With each beat of a healthy heart, an electrical signal moves from the upper to the lower chambers of the heart. As this signal moves, it results in the heart contracting and pumping blood. Congenital heart block is a defect of the heart's electrical system that originates in the developing fetus, greatly slowing the rate of the heart and impacting its ability to pump blood.

Although the condition can be diagnosed in utero, all attempts to treat the condition with a standard pacemaker have failed.  Each year, approximately 500 pregnancies in the U. S. are affected by such fetal heart block - those babies may soon have the perfect solution. 

A team of investigators has developed the first fully implantable micropacemaker designed for use in a fetus with complete heart block. Preclinical testing and optimization is now reported in Heart Rhythm and this micropacemaker has been fasttracker with designation as a Humanitarian Use Device by the US Food&Drug Administration (FDA). 

The comparative sizes of fetal and adult pacemakers. Credit: Children's Hospital Los Angeles

"Up until now, the pacemaker devices that have been used in an attempt to treat this condition in a fetus were designed for adults," said Yaniv Bar-Cohen, MD, pediatric cardiologist at CHLA and lead author on the paper. "We have lacked an effective treatment option for fetuses."

"We now have a pacemaker that can be implanted in utero, potentially without harm to the fetus or the mom," said Ramen H. Chmait, MD, Director of the CHLA-USC Institute for Maternal-Fetal Health. "This novel device provides a real opportunity to prevent miscarriage and premature birth in babies affected with these abnormalities."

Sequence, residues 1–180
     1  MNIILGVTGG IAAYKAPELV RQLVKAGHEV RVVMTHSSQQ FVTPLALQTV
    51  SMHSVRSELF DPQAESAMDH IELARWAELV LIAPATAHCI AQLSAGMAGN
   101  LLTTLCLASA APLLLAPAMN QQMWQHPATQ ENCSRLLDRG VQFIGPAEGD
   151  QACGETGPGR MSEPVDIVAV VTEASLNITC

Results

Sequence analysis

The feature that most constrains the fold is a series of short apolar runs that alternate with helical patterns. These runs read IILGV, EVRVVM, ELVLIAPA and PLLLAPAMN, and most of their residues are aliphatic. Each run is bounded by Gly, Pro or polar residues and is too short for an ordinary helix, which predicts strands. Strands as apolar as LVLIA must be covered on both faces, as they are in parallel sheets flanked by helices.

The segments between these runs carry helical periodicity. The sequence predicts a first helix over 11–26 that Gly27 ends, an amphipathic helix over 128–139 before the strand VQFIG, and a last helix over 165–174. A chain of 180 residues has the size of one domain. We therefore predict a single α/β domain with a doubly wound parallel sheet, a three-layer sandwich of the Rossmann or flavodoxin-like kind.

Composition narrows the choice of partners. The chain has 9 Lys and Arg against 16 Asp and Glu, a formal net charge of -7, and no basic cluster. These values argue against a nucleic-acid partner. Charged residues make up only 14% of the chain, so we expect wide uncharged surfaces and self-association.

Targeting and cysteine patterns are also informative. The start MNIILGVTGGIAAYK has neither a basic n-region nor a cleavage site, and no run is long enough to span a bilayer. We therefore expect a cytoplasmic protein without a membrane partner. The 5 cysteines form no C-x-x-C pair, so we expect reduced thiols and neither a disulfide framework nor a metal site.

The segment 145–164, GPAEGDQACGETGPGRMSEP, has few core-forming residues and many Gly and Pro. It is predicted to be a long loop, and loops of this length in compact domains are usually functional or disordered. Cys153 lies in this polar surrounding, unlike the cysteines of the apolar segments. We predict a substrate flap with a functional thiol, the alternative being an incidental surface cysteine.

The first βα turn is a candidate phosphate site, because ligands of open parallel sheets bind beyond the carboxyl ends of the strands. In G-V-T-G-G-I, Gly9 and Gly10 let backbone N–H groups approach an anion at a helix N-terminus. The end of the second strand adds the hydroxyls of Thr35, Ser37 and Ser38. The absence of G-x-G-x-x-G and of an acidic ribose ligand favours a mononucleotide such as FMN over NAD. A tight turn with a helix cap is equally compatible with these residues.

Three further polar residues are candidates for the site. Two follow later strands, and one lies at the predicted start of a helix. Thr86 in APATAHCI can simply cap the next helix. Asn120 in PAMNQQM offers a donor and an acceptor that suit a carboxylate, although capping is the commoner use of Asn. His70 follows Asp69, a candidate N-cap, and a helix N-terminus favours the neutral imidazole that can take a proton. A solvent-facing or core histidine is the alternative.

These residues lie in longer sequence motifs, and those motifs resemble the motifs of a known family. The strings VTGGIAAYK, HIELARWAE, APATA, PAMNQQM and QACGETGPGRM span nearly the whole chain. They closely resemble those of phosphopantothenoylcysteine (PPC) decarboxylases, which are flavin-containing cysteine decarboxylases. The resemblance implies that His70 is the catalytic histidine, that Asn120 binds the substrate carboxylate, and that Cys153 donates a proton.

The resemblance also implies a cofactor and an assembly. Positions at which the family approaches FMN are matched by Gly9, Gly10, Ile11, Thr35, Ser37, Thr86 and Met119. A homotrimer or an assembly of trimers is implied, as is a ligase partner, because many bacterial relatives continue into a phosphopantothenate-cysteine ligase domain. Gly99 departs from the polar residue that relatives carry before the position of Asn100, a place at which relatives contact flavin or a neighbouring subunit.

The size of the adult device requires a small part to be implanted in the fetus and the rest to remain externalized. This design has uniformly failed, likely due to fetal movement causing the electrodes to become dislodged from the heart.

"Building on our experience of using microfabrication techniques to create biomedical devices, we have developed a micropacemaker small enough to reside entirely within the fetus," said Gerald E. Loeb, MD, professor of Biomedical Engineering at the Viterbi School of Engineering at USC. "This will allow the fetus to move freely without risk of dislodging the electrodes."

Additional members of the investigational team include: Michael J. Silka, MD and Jay D. Pruetz, MD, Children's Hospital Los Angeles; Adriana N. Vest and Li Zhou, Department of Biomedical Engineering, USC; and Catalina Guerra, DVM, Los Angeles Biomedical Research Institute, Harbor-UCLA. Funding has been provided by NIH grant R01HD075135, the Southern California Clinical and Translational Science Institute, the Robert E. and May R. Wright Foundation, and the Coulter Foundation.